The government is seeking more than US$1 billion in compensation for environ-mental damage from an oil spill at a Thai-run rig off Australia’s northwest coast, a report said on Thursday.
Transportation Minister Freddy Numberi said the claim was for more than $1.1 billion. “The amount is big enough,” Numberi was quoted as saying by Dow Jones Newswires.
Government representatives are said to be ready to table the demand during talks with PTT Australasia, a unit of Thailand’s PTT Exploration and Prod-uction PCL, in the Australian city of Perth on Thursday.
Numberi is leading the government delegation to Perth and said the claim was “backed by detailed data,” amid questions about the provability of the damage to marine ecosystems and fisheries from last year’s spill.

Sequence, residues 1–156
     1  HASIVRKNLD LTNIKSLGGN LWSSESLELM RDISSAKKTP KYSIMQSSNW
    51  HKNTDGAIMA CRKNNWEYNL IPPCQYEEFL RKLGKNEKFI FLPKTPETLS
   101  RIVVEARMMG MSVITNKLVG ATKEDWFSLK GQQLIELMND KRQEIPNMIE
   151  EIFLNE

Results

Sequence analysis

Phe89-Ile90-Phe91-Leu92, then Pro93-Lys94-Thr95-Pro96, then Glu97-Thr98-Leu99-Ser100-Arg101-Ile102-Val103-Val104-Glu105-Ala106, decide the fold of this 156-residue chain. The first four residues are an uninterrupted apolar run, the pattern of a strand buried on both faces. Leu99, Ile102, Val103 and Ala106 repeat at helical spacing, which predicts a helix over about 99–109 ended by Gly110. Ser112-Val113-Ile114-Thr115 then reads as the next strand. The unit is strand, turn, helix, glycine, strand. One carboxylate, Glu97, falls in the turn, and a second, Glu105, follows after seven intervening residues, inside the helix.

PTT Exploration’s Chief Executive Anon Sirisaengtaksin said the company, a subsidiary of Thailand’s state oil firm, had not received a compensation claim from the Indonesian government.
“The figure isn’t an issue right now. We must set up a joint body to verify evidence whether there was any impact. We’re ready to support them,” Anon said.
The leak in the Timor Sea known as the Montara spill, from August 21 to November 3, was the worst at an offshore oil platform in Australian history, although smaller than the recent BP spill in the Gulf of Mexico.
Like the BP spill, it dragged on for months as the company tried to plug the flow with a relief well, a process which eventually succeeded.
It also led to calls for tougher regulation of offshore drilling and criticism of the authorities responsible for monitoring the operation.
Evidence given at a commission of inquiry showed the Montara slick grew to almost 90,000 square kilometres and entered Indonesian waters, according to environmental group WWF.